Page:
Road Commission explains Cass County’s tree removal policy
Published 8:00 am Friday, September 25, 2015
If a tree falls on a Cass County roadway and no one is around to hear it, does it make a sound?
Philosophers can debate that question all they want, because the bottom line is, that fallen piece of lumber is going to cause a lot of headaches come the morning, for motorists, residents and the crews responsible for maintaining local roads.
The bigger question is, to whom does that fallen tree belong exactly?
The leadership of the Cass County Road Commission has the answer, which may surprise many residents.
In a news release by the commission published this week, the administration informed residents that trees within county right-of-ways belong to property owners and not the county. Typically, right-of-ways are 66-foot wide easements that contain public roads and highways; trees growing within this property boundary are considered part of the right-of-way.
While crews with the commission will routinely trim branches and shrubs to ensure visibility for drivers on public roadways, the landowners themselves are responsible for removing any dead, diseased or otherwise damaged trees located at right-of-ways, said Road Commission Director Steve Lucas.
“There is [Michigan] case law that has established this,” Lucas said. “In fact, some road commissions have removed trees without permission from property owners in the past, and have actually been sued because of it.”
The idea that trees located at right-of-ways belong to the county is a common misconception among many in the county, Lucas said. His office occasionally receives phone calls from residents requesting that road crews come out and remove trees from their property, the director added.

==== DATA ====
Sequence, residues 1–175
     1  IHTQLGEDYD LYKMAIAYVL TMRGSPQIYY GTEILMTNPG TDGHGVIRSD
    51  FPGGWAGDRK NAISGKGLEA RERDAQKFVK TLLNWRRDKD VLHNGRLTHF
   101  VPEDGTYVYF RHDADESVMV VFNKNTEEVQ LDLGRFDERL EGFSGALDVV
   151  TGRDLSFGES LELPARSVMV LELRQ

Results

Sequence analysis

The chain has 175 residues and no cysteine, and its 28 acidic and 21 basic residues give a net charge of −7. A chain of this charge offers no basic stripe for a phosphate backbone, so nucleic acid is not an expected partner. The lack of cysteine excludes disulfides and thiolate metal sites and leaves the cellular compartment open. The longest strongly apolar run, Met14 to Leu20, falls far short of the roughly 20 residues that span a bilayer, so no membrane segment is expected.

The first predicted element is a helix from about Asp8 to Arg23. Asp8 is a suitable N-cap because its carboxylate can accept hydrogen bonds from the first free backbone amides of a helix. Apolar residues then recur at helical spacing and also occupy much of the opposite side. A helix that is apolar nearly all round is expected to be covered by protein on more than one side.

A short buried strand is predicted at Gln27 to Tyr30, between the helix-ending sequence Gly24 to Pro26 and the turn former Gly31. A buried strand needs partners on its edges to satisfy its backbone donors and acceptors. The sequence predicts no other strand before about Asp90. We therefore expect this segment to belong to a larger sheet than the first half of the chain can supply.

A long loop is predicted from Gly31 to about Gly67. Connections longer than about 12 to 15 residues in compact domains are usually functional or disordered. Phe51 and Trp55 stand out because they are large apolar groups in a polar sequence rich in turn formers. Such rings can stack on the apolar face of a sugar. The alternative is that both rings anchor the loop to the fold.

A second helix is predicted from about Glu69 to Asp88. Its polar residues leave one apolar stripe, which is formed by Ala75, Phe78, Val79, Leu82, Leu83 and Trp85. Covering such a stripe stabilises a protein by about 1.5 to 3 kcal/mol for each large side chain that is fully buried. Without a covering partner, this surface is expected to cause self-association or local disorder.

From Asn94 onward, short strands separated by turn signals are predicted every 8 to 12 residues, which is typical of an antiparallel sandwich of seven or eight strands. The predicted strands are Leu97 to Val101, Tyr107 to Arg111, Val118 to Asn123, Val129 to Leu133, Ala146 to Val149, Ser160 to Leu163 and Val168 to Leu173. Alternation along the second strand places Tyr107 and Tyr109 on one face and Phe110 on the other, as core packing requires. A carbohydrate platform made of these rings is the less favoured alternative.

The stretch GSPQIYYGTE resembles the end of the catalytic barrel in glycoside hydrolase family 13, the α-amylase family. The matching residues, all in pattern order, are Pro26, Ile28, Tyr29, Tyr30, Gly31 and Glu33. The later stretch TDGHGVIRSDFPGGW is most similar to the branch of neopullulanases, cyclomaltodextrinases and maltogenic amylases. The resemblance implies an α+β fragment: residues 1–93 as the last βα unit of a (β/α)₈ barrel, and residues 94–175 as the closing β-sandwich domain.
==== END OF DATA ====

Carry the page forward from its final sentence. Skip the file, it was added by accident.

In the past, the county road commission did have a tree crew dedicated to helping property owners remove foliage from their land, with the agency absorbing the cost of the work. As budgets for road commissions across the state have shrank and the cost of paving, gravel, fuel and other important resources have rose in recent years, the office has eliminated these types of removals, Lucas said.
“It was a relatively common things for commissions to do that kind of work, but the funding isn’t there anymore to support those operations,” he said.
With tree pests like the Emerald Ash Borer moving into the region in recent years, the problem with damaged trees within right-of-ways could continue to grow in magnitude, Lucas said. Property owners could be found liable if one of these trees is not removed and causes harm to others, the release also states.
Residents with damaged trees are encouraged to contact a tree removal contractor to perform the work, Lucas said.
In the event that a tree is uprooted and falls during a major storm, the road crews will still go out and remove the obstruction from the street, Lucas said.
“If something falls in the roadway, we will certainly go out and get that taken care of,” he said. “We don’t expect residents to handle that.”
The fallen tree will be broken into manageable chunks and given to the property owner, who will then be responsible for disposal.